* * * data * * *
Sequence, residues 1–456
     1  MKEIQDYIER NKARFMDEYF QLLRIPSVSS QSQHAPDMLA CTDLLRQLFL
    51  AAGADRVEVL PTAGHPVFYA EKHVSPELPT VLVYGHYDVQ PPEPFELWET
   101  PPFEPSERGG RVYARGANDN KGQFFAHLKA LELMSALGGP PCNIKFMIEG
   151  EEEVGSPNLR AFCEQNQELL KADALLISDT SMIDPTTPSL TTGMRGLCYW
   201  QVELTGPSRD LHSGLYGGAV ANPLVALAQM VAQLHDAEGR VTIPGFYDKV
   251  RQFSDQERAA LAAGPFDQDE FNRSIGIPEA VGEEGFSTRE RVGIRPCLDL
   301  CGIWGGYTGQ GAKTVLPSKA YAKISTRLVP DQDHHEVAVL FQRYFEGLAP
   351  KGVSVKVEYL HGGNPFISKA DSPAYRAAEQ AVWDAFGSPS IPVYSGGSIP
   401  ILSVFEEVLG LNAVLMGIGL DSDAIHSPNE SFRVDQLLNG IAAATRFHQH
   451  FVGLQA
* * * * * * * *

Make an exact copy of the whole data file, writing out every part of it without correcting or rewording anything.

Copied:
Sequence, residues 1–456
     1  MKEIQDYIER NKARFMDEYF QLLRIPSVSS QSQHAPDMLA CTDLLRQLFL
    51  AAGADRVEVL PTAGHPVFYA EKHVSPELPT VLVYGHYDVQ PPEPFELWET
   101  PPFEPSERGG RVYARGANDN KGQFFAHLKA LELMSALGGP PCNIKFMIEG
   151  EEEVGSPNLR AFCEQNQELL KADALLISDT SMIDPTTPSL TTGMRGLCYW
   201  QVELTGPSRD LHSGLYGGAV ANPLVALAQM VAQLHDAEGR VTIPGFYDKV
   251  RQFSDQERAA LAAGPFDQDE FNRSIGIPEA VGEEGFSTRE RVGIRPCLDL
   301  CGIWGGYTGQ GAKTVLPSKA YAKISTRLVP DQDHHEVAVL FQRYFEGLAP
   351  KGVSVKVEYL HGGNPFISKA DSPAYRAAEQ AVWDAFGSPS IPVYSGGSIP
   401  ILSVFEEVLG LNAVLMGIGL DSDAIHSPNE SFRVDQLLNG IAAATRFHQH
   451  FVGLQA